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Los hospitales optimizan los ingresos tratando de mantener sus camas llenas al 100 %, y llenas de pacientes con condiciones que las aseguradoras reembolsan bien.
Although control of Congress was still undecided Wednesday, Republicans seemed poised to take power in the House, while the fate of the Senate remained too close to call. Economic issues were at the top of voters’ minds, but abortion access also played a large role in their decisions.
Hospitals have specialists ready to offer consult and care for concerns from cancer to childbirth but often no one with expertise in addiction medicine. Patients with a history of substance use — who are discharged without care — are at risk for overdose.
Massachusetts is the latest state to settle with St. Louis-based Centene Corp. over allegations that it overcharged Medicaid prescription drug programs.
Xylazine, an animal tranquilizer, has made it into the illegal drug supply of opioids and cocaine. It is changing the way outreach workers treat overdoses and may be responsible for grisly injuries and infections among people who unknowingly inject it.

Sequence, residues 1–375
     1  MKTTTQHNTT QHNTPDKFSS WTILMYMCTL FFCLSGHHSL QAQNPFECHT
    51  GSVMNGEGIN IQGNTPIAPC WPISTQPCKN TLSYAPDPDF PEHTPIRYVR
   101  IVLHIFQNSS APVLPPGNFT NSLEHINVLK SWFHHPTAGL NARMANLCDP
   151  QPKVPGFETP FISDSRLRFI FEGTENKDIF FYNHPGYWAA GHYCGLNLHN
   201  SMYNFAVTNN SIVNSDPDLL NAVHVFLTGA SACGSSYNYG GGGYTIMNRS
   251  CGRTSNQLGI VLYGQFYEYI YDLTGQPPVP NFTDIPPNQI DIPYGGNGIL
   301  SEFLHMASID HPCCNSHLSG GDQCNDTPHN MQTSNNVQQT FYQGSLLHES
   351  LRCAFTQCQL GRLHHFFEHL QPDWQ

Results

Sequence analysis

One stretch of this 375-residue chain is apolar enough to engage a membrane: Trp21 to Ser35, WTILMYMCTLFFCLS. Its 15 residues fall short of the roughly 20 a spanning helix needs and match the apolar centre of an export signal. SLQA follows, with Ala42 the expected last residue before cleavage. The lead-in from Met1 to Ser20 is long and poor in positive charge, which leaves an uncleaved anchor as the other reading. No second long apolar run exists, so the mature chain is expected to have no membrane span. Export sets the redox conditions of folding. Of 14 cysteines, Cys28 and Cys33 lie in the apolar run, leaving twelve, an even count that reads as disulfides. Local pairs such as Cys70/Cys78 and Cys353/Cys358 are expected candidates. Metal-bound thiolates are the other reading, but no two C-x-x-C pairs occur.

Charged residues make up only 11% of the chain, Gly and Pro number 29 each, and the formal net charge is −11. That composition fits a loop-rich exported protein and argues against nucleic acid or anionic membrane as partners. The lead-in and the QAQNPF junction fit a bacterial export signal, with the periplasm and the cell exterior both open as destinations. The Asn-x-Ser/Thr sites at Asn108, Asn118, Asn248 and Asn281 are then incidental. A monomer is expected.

A Massachusetts health care cost watchdog agency helped block plans of the state’s largest hospital system to expand into the suburbs. Now, other states are looking at whether Massachusetts’ decade-old model of controlling health costs is worth emulating.
As the pandemic wanes, for now, the ever-rising cost of health care is again taking center stage. Meanwhile, a year into the Biden administration, the FDA finally has a Senate-confirmed commissioner, Dr. Robert Califf. Tami Luhby of CNN, Sarah Karlin-Smith of the Pink Sheet, and Rachel Cohrs of Stat join KHN’s Julie Rovner to discuss these issues and more. Also this week, Rovner interviews Hannah Wesolowski of the National Alliance on Mental Illness, about how the pandemic has worsened the nation’s mental health crisis and what can be done about it.
A mother-and-daughter team went comparison-shopping to see what grocery store shelves revealed about inequity in America.
Mass General Brigham’s $2.3 billion expansion plan is raising state officials’ concerns that it will reduce competition and raise the price of care in Massachusetts. It also signals a national shift from a focus on hospital mergers and purchases of physician practices — which boost the cost of care — to individual hospitals’ expansions to gain a bigger share of the market.
Following the devastating impact of covid-19 on nursing homes, state lawmakers want to be sure that government and private payments primarily go to improve care and staffing.